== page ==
Just what the doctor ordered

2nd March 2007 at 00:00
Graham Clark, interim principal of James Watt College, has drawn up a recovery plan for the crisis-hit institution

THE FINANCIAL recovery plan at James Watt College, drawn up by the management after consultation with the unions, will involve considerably fewer redundancies than originally envisaged.

But this plan will have to be followed by others, Graham Clark, the interim principal, has warned, in order to tackle high staffing levels and high staff pay.

The latest proposals, put together by Dr Clark and approved by the board on Tuesday, call for 35 job losses, of which 25 are at management level. This compares with the earlier total of 48, said to be necessary in order to balance the books and begin to pay off the college's accumulated debt of pound;6.8 million.

The Further Education Lecturers' Association has consistently rejected the redundancy policy, which has already been criticised as a "one-dimensional"

approach in the Scottish Funding Council's inquiry into the previous management's stewardship of the college. The association, part of the Educational Institute of Scotland, claims its members are being "punished"

and made to pay with their jobs for the mistakes of management.

But Dr Clark believes the actual number of compulsory redundancies will be "significantly below" 35, as staff opt for "relatively generous" voluntary severance packages and existing vacancies are filled by people redeployed from posts that will disappear.

These and other measures will all have to be completed by the end of July, on a phased basis. This will enable the college board to sign off the 2005-06 accounts, declaring the college a going concern, and allow it to achieve a balanced budget in 2007-08.

The plan involves savings of pound;1.6 million, which will create a small surplus of pound;177,000 in 2007-08. But the voluntary redundancy scheme will cost around pound;1.5 million and this will have to be repaid by July 2008 to the Scottish Funding Council, which has set a borrowing limit for the college.

The cull of management posts follows criticism in the report by the funding council's FE development directorate (Fedd) of a "bloated" and "under-performing" senior management. A new "executive directorate" of five will replace the existing 14 and report directly to the principal. Some existing post-holders will be matched to the new jobs; others will have to apply.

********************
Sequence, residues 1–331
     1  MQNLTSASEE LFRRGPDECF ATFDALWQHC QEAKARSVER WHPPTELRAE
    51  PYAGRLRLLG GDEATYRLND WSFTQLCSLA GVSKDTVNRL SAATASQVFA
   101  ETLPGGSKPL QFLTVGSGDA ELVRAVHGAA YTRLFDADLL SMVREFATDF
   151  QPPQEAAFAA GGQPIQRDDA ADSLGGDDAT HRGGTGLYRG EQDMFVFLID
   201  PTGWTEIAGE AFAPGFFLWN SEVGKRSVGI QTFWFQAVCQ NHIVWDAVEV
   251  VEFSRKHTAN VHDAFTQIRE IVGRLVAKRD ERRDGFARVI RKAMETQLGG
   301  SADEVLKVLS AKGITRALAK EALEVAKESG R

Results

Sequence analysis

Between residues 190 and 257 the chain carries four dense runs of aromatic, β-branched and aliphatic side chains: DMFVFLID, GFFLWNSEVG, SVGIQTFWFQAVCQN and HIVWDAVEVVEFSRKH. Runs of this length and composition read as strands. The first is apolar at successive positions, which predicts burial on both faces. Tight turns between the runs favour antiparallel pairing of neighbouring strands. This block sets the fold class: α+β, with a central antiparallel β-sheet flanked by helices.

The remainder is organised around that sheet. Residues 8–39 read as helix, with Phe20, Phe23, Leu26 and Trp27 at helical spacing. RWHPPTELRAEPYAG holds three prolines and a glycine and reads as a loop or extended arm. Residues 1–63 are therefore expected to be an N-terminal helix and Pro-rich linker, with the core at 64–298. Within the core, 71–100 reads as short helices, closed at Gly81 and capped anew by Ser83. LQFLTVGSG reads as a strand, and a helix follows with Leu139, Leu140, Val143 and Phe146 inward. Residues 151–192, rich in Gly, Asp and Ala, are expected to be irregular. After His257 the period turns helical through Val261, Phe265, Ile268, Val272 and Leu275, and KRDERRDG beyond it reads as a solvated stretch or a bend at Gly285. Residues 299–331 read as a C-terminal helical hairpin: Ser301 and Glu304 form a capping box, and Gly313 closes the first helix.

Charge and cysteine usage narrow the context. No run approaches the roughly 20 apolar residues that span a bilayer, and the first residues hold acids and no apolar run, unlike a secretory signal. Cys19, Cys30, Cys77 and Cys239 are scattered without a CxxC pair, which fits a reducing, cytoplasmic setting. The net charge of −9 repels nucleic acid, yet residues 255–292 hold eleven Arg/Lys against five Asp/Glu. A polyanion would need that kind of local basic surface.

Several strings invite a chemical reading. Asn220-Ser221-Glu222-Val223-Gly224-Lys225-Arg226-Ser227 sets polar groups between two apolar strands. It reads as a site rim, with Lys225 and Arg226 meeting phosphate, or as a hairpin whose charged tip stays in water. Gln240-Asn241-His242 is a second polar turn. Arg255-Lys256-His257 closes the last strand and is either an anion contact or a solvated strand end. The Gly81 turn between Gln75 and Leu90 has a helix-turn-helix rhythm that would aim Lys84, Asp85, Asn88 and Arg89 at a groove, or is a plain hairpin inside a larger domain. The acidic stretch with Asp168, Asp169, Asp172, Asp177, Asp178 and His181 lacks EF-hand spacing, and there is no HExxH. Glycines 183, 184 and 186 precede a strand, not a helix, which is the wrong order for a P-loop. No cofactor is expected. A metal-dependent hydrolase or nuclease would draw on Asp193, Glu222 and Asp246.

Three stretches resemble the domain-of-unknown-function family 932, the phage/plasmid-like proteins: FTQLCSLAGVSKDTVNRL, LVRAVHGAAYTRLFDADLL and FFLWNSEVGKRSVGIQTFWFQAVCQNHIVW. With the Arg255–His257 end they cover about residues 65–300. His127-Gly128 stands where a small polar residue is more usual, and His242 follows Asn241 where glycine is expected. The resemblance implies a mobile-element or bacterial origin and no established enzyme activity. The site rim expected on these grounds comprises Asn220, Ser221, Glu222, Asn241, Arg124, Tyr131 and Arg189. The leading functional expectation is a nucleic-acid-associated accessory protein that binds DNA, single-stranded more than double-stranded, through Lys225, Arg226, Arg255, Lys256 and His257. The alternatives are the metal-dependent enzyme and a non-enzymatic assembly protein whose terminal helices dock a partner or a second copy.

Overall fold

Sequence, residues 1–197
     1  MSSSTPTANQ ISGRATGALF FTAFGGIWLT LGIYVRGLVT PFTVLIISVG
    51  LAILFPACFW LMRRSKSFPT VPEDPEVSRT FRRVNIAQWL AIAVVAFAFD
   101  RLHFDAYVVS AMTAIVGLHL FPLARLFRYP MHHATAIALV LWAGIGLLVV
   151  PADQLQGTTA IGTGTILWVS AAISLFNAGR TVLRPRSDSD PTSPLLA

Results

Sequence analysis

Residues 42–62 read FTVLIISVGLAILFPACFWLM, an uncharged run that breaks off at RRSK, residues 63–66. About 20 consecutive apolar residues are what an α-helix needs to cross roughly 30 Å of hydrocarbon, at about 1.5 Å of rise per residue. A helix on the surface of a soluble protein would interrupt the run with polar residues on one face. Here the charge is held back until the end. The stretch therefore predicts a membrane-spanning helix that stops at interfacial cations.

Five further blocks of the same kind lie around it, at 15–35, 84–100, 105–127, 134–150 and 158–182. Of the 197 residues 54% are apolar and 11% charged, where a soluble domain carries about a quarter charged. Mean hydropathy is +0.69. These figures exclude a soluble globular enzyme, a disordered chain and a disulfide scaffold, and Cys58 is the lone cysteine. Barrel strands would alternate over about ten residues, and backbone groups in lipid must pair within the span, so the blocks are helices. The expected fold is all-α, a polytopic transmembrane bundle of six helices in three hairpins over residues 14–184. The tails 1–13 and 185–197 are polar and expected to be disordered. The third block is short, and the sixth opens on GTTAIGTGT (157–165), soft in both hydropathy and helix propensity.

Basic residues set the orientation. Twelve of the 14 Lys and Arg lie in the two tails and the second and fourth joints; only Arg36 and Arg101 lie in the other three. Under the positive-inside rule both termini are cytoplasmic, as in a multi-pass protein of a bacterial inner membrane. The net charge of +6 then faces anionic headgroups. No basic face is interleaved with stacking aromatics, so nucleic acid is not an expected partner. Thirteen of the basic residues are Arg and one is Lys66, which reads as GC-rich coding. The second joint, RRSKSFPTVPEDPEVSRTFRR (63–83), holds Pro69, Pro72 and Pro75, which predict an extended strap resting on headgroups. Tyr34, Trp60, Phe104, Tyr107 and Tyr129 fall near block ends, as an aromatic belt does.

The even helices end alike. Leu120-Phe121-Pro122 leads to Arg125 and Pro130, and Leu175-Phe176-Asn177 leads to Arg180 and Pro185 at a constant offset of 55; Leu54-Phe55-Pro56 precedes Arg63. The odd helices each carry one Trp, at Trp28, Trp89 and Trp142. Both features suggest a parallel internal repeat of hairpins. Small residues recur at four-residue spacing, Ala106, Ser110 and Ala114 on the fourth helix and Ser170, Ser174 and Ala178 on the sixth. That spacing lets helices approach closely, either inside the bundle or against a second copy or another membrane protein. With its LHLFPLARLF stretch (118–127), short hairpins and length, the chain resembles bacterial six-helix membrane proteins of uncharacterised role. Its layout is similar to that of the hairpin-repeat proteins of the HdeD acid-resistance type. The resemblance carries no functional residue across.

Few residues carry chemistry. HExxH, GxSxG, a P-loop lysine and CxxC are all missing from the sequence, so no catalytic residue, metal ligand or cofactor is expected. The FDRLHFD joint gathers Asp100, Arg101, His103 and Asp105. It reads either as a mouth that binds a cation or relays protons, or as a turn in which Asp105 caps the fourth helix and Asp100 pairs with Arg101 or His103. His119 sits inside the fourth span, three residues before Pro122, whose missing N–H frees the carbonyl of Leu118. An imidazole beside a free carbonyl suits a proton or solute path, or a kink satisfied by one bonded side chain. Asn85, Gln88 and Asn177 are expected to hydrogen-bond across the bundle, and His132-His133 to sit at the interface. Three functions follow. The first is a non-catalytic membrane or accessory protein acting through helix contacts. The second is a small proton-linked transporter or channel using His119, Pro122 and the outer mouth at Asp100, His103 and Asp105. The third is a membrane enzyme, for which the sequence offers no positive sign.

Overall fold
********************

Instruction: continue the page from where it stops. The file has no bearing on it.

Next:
Responsible to the five new directors will be a management tier of 21 post-holders: 12 heads of school and nine cross-college managers. The 12 schools would be formed from amalgamating some of the existing departments.

Dr Clark has homed in on the curriculum offered by these departments as the "fundamental cause" of the college's financial crisis, and he wants to see con-trols introduced. There had been "an uncontrolled expansion of the curriculum, resulting in too many small teaching groups requiring too many teaching staff", his plan states.

"Mounting academic inefficiency was coupled with poor financial and human resource controls and a 'bloated', yet 'under-performing', senior management. This scenario, further exacerbated by high teaching staff salary levels, resulted in year-on-year budget deficits and soaring debt."

Dr Clark wants the curriculum managed more actively and, in particular, to end the practice at James Watt where the 60 senior lecturers do not have any significant management functions, which he describes as "a major flaw in the management structure of the college". It was this, he suggests, which allowed curriculum expansion to spin out of control.

The recovery plan, therefore, aims to give senior lecturers line management responsibilities and to re-title them "curriculum leaders". This is "integral and essential" to the plan, he says.

Other measures include the closure of the college's small Argyll outreach centres in Arran and Campbeltown.

Unfinished business

Graham Clark says in his recovery plan that, in effect, it is not finished business. The small surplus it will achieve clearly comes nowhere near to generating the size of annual surpluses necessary to pay off the debt and build up reserves.

Dr Clark says it will be essential to take further action to reduce academic staff levels which, even following the initial redundancies, will still mean that some schools will be inefficiently staffed.

He also returns to the theme, much contested by the lecturers' union, of James Watt teaching staff enjoying the best salary levels in FE - 7 to 9 per cent above the norm for the sector, according to the funding council's report, but only 5 to 6 per cent "and shrinking", according to the Further Education Lecturers' Association.

Dr Clark makes it clear that "it is an essential and longer-term integral part of this recovery plan that the management intends, at the earliest opportunity, to engage in measures to resolve these two issues".

He holds out the prospect of reducing staff costs through "careful vacancy management". This means not replacing staff until the option has been explored of redeploying and retraining people from areas where there is excess staff. A "skills audit" would help this process, the recovery plan suggests.

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